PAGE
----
A quick word on revisions
Here is an overview of our revision policy and how we go about addressing them
At Growthmedia.co, we get a chance to work with some of the world’s best architects and industrial designers from around the globe.
Through out the years, we had the opportunity to dig into many conversations with our clients about their pains and frustrations with design projects and we found that one of the most confusing aspects has been understanding how revisions work.
To be clear, most aren’t confused about what a revision is, but rather what constitutes a revision within the design process itself – what do designers consider a revision and what is more than a revision?
The answer is [of course]it depends.
There is no guideline or industry standard in the design world that governs what defines a project revision, what’s more than a revision, and how much revisions should cost. However, we can tell you about our revision policy and how we go about them.
So let’s start with our definition.
What’s a revision?
Revisions are defined as any adjustment(s) made to your design, say a rendering, after the release of your first finished draft. In the context of revisions, this would be the first complete 3D rendering issued.
For the sake of simplicity, I’ll stay consistent with using 3D renderings as an example to help explain the process – though the same principles are considered when we create other designs.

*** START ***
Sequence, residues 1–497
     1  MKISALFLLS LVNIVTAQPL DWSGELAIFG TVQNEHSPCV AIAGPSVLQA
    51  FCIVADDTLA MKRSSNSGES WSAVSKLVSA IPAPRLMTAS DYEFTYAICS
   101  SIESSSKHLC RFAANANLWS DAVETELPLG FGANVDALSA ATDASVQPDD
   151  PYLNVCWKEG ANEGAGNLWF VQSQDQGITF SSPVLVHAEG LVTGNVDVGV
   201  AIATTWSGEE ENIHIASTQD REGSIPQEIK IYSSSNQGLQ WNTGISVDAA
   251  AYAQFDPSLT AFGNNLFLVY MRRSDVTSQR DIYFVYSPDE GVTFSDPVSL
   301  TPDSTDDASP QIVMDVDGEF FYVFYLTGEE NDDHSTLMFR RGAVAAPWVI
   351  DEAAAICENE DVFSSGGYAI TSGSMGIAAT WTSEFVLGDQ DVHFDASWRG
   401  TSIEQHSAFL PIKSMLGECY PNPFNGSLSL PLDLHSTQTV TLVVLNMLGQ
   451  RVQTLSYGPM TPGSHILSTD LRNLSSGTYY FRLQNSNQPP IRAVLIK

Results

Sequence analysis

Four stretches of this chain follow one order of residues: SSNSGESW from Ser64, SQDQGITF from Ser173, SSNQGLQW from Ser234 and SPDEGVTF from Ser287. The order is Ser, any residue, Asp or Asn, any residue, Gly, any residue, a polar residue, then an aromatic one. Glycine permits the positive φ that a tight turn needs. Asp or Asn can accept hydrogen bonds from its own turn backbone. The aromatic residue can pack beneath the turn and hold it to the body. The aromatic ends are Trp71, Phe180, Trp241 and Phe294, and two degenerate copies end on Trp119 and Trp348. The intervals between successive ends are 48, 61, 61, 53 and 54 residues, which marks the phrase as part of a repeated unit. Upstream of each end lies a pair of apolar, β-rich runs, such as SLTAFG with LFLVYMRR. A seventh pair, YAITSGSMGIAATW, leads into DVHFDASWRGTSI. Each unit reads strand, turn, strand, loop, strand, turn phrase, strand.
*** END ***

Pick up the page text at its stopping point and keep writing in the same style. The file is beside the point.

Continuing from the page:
A common example of a request for changes of a interior rendering may be to replace a piece of furniture, change the color of the walls, and add decorations.
However a request to change the entire agreed upon style of furniture for the room (from modern style to a classic style), or a change of room type (a bedroom to an en-suite or an studio space) would not be considered a revision but rather a separate work order because the amount of time required to make all of these changes would be similar to that of starting a new project.
Because changes would take more than 40% of the time originally spent to create the original, the changes would incur additional costs.
How do I know when a change will be within the scope of a revision?
In short, we will tell you before the changes are made if the requested changes will exceed the scope defined above.
Each revision is treated individually based on the volume of changes requested.
We try to be as generous as possible with revisions and adjustments so that you are always happy with the results and you are getting the maximum value on your 3D renderings.
But in general, each change request is unique to the project and has to be evaluated individually.
Here are some examples of revisions: